Fitness trends seem to come and go like the tides—you’ve barely heard about one before another comes rolling in to shake things up. However, one thing that doesn’t change is the importance of working out. And this new fitness trend makes finding the time to work out easier than ever!
If you’re not working out on a regular basis, you might be putting more than just your waist size at risk. According to the American Cancer Society, working out for 45 minutes, five times a week could lower your odds of developing breast cancer later in life. Similarly, engaging in moderate exercise for 30 minutes a day keeps the heart healthy and lowers the risk of cardiovascular disease.
While it’s clear that exercising is essential to living a healthy life, deciding which new fitness trend to jump on is considerably more complex. Moreover, even the most devoted fitness fiends struggle to determine the type and amount of exercise needed to lose weight and get in shape. For example, should those looking to shed pounds opt for cardio or weight lifting? Interval training or yoga? A recent New York Times article aims to answer those questions and more.
Think you need to exercise for hours a day to shed weight? According to a study published in the journal Medicine & Science in Sports & Exercise, engaging in just 13 minutes of weight training can build strength, provided that you push yourself. The team of researchers from Lehman College in the Bronx assessed the effects of weight training on muscle strength and size. According to the study, participating in one short but intense set of exercises yielded the same muscular benefits as working out for a longer period with less intensity. The goal of each exercise session is to work the muscles to the point of exhaustion (though not pain). Typically, study subjects completed 8 to 12 repetitions of an exercise per set.
In the Lehman College study, researchers assessed the male participants based on muscle size, strength, and endurance before arbitrarily assigning them to one of three groups. While all study members completed the same activities, the intensity of the exercises varied, as did the time spent working out. The first group completed five sets of each exercise, the second group completed three sets, and the third did just one set, finishing in about 13 minutes. Exercisers hit the gym three times a week for a period of eight weeks before researchers assessed their muscle quality for a second time.
While researchers expected the number of sets performed to affect muscle quality, the findings showed that strength improvements were about the same for all three groups. As long as the muscles were strained to the point of exhaustion, study participants saw positive results. The key was to engage in an exercise until physically incapable of doing more.
The New York Times article cautioned that the study involved young men and noted that further research would be needed to determine the effects of brief, intense weight training on women and older individuals. Still, researchers are cautiously optimistic about the study results. If short but extreme bursts of exercise can yield significant results, then busy professionals may have fewer excuses for skipping their daily workouts. The end result could be a healthier populace overall.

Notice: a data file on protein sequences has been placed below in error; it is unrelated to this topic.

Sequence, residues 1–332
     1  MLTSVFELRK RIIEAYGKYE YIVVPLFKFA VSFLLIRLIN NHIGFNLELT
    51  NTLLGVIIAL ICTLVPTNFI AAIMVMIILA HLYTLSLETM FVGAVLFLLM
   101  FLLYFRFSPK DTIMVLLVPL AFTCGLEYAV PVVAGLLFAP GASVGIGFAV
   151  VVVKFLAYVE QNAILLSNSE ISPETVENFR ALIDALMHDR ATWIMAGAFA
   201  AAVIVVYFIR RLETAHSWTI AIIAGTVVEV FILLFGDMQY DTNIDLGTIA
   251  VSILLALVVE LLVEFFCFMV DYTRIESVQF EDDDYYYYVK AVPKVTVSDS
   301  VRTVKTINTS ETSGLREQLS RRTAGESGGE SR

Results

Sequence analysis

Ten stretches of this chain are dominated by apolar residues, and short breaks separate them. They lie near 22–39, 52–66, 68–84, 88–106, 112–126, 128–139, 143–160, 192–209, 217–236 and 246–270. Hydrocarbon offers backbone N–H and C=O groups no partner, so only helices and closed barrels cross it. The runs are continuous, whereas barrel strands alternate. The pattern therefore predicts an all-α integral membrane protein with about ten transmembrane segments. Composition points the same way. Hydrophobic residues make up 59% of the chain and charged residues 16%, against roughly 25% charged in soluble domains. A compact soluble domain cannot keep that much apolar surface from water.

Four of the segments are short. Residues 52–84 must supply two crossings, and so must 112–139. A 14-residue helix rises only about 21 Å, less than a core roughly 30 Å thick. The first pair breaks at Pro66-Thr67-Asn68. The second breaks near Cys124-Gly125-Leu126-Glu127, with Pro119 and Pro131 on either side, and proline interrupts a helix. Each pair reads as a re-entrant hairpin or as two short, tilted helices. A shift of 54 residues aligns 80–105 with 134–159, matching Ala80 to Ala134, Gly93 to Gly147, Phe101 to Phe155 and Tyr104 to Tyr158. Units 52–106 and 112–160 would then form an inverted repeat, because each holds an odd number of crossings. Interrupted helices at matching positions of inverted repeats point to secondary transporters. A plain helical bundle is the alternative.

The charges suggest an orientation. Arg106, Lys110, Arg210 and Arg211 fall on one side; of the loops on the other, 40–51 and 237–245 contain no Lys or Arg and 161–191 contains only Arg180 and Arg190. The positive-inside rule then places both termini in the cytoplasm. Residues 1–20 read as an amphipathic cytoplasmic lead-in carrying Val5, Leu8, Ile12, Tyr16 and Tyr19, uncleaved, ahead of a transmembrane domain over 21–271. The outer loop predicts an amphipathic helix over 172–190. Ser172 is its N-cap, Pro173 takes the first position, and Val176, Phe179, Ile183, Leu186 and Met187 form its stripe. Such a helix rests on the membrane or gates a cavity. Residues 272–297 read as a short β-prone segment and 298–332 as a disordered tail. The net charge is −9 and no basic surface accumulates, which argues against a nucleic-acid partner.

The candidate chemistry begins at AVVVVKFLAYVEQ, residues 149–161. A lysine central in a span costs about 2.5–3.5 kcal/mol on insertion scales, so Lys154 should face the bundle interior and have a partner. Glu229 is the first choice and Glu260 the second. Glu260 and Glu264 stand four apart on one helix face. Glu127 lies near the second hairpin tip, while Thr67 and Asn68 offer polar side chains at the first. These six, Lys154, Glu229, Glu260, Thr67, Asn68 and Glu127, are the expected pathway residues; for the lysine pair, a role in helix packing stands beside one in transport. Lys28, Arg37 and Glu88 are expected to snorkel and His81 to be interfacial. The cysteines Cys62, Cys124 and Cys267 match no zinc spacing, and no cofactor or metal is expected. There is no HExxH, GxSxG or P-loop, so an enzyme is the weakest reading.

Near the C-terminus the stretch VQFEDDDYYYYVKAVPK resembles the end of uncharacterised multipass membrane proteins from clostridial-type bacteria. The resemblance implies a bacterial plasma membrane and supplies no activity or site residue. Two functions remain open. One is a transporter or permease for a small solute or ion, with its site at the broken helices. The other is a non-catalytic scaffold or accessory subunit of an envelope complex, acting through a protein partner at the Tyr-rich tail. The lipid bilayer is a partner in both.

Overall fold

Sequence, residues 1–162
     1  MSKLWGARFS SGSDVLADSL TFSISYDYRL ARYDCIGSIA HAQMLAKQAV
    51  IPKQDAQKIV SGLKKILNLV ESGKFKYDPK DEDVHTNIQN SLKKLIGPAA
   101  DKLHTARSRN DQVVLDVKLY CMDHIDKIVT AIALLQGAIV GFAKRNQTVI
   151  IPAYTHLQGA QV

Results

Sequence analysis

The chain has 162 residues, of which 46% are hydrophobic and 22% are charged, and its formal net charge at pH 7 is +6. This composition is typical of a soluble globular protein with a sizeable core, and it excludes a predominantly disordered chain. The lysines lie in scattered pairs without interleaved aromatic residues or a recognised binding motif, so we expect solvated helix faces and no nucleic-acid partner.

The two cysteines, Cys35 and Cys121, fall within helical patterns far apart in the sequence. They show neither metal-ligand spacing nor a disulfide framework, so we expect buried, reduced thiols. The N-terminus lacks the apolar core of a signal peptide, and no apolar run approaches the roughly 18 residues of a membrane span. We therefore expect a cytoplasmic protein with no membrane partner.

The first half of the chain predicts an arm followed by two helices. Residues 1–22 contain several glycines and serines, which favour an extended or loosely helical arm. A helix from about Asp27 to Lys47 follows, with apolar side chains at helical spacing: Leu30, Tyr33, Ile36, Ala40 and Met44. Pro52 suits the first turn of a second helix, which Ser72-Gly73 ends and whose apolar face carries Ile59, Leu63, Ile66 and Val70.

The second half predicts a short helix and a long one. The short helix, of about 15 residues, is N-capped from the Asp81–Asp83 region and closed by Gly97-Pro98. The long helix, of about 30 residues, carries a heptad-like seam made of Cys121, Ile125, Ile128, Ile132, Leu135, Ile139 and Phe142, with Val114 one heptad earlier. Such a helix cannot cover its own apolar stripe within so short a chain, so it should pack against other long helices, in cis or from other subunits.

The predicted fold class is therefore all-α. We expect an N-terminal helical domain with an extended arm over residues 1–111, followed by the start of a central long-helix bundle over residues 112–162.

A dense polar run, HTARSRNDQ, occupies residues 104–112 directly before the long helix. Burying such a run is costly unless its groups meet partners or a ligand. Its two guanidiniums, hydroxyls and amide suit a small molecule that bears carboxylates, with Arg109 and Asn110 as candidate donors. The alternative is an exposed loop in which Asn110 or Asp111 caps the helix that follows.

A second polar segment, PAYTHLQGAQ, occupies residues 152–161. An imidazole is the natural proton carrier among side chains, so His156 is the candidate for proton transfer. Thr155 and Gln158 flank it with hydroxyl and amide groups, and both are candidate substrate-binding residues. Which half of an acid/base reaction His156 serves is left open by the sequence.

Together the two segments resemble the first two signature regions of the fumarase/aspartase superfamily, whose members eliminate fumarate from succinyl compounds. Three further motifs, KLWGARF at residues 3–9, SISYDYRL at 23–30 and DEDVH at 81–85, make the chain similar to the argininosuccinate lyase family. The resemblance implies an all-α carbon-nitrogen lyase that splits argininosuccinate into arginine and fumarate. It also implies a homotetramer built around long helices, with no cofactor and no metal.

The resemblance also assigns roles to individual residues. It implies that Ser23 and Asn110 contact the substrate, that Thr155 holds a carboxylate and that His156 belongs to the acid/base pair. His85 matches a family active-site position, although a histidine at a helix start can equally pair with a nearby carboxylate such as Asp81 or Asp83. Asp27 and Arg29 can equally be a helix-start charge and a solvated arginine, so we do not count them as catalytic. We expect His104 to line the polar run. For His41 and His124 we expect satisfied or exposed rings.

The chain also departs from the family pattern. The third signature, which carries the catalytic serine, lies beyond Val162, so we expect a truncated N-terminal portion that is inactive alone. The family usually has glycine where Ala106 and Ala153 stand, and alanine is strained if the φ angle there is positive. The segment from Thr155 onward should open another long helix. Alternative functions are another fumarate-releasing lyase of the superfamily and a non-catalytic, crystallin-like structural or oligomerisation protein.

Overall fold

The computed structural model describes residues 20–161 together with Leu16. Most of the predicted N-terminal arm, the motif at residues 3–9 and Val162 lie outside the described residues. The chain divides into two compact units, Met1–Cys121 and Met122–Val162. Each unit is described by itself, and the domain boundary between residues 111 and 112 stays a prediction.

Running and walking are great ways to boost health and get the heart pumping. However, if you’re only engaging in cardio, you might be missing out on some of the many benefits associated with weight training. Here are some perks to pumping iron.
Did you know that lifting weights can benefit your brain? A study out of Italy showed that people who engaged in strength training for 12 weeks showed an increase in practical skills compared to the control group. Cardio was shown to help improve analytical thinking, so don’t skip out on those bike rides or strolls in the park. This news could be of particular value to older adults who may be at risk for dementia.
It’s no secret that working out can increase longevity. After all, weekly workouts keep the pounds off, reducing the risk of cardiovascular disease, diabetes, and other conditions. However, you might not know that weight training has a particular benefit when it comes to lifespan. A 2014 study out of UCLA showed that individuals with more muscle mass have a lower risk of dying prematurely. So, pump some iron to live longer.
Light sleeper? Exercise could be the solution to those insomnia woes. A 2012 study published in the European Journal of Applied Physiology revealed that older men who engaged in resistance training woke up less frequently at night compared to the control group. So push yourself at the gym to catch your best zzzs.
Of course, most of us work out because we want to lose a few pounds—or maybe more than a few. And while you might think that logging miles on the treadmill or elliptical is the best way to shed weight, research reveals that weight training can yield superior results. According to research from the Harvard School of Public Health, men who engaged in 20 minutes of weight training gained less belly fat over the years than those who spent an equal amount of time doing cardio.
It’s important to remember that exercise isn’t a one-size-fits-all solution. It might take time to find the workout regimen that works best for you, but when you do the results will be well worth it.